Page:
Banana storage tip will keep them fresher for longer without using the freezer

Bananas are renowned for being fast at ripening, but there are a few ways to slow down the process once taking them home. 

One of which, of course, is to buy underripe fruits in the first place that are more green than yellow.

But when it comes to prolonging the life of yellow bananas, the attention should turn to exactly where, and how they are stored.

A fruit bowl may be the obvious spot for the soft, fragrant fruits however, they’ll last much longer in isolation, according to experts.

Speaking previously to, Gary Ellis, Director at CE Safety said that bananas should be “kept away from other produce”.

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He continued: “Fruits such as peaches, tomatoes, avocados, figs and apples should be kept well clear of your bananas if you don’t want them to ripen too quickly.

“Keeping your bananas hanging can help to keep them fresh, as any bruising or exposure of the banana flesh itself to oxygen is only going to make ripening faster.”

For the longest-lasting bananas, Gary suggested using a separate fruit bowl with a hanging mechanism to keep them nicely yellow without ripening other nearby fruits.

It is important to ensure this is in a cool, dry part of the kitchen to stop excess warmth from affecting the colour of the bananas.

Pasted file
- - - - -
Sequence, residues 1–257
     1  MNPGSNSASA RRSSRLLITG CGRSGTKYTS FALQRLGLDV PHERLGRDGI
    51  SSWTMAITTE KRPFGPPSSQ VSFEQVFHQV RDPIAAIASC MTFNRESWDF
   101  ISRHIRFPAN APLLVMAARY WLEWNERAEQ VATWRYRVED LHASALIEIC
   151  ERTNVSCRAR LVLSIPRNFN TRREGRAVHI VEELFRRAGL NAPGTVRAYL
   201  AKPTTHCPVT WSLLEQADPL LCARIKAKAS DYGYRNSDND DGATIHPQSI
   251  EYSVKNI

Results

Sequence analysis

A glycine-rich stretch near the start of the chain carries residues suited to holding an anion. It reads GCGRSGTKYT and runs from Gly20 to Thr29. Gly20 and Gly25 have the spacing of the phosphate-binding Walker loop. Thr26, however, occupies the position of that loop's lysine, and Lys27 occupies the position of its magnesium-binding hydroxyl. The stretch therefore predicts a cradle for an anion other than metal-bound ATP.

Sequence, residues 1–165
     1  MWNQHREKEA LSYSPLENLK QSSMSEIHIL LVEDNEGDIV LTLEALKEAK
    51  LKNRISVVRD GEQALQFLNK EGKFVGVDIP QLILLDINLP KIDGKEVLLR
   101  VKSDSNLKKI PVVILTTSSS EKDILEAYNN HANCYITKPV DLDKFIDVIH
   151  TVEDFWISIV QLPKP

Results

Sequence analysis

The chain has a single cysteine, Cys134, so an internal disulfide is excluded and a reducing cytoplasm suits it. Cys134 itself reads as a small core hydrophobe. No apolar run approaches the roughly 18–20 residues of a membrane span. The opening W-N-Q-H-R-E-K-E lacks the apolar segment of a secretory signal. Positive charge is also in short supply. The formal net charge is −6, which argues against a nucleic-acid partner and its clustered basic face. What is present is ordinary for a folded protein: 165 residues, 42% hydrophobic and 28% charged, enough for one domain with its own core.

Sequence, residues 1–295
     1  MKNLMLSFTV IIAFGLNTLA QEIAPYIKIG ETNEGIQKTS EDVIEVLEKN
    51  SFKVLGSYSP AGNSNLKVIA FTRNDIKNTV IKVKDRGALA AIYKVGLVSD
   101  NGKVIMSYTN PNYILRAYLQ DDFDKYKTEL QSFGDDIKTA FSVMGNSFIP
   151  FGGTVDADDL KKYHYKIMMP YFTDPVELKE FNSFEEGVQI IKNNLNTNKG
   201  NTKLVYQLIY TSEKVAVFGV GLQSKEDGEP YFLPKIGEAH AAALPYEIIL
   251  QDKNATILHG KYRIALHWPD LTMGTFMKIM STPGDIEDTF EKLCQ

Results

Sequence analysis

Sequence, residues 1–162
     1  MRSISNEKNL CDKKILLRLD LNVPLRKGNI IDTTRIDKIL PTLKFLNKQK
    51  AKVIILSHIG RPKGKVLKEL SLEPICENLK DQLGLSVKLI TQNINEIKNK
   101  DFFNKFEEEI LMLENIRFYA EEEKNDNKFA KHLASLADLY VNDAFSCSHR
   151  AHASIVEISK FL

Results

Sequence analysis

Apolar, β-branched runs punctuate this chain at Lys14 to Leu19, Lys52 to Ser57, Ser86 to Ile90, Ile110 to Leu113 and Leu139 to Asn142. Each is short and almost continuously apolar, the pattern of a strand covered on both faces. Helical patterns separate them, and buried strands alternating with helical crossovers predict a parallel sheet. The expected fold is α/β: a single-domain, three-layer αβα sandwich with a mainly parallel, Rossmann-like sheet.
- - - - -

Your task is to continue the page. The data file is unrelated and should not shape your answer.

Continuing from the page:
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Bananas that are partially unripe and stored this way will last for around one week in the fruit bowl before turning brown, though this too can be slowed down.

One of the most common causes of spoiled bananas is small openings and tears in the stalks when they’re hung up.

To prevent this, Gary recommended wrapping them up with cling film or tin foil to seal them off.

It really is as simple as binding the stalks in a somewhat adhesive material, or a piece of greaseproof paper and an elastic band can be used instead.

No matter what is used to seal the stalks, the trick is to ensure they’re tightly wrapped to mimic a completely whole banana before being split from the bunch.

Gary said: “Wrap a small amount of cling film around the end where they are often joined together. This will keep them fresher for longer as it traps the ethylene gas at the top of the fruit where it emits from rather than letting it spread and exposing the other bananas to the gas.”

By doing this, bananas should stand the test of time with several extra days added to their shelf life, similar to that of a completely green banana stored at room temperature.

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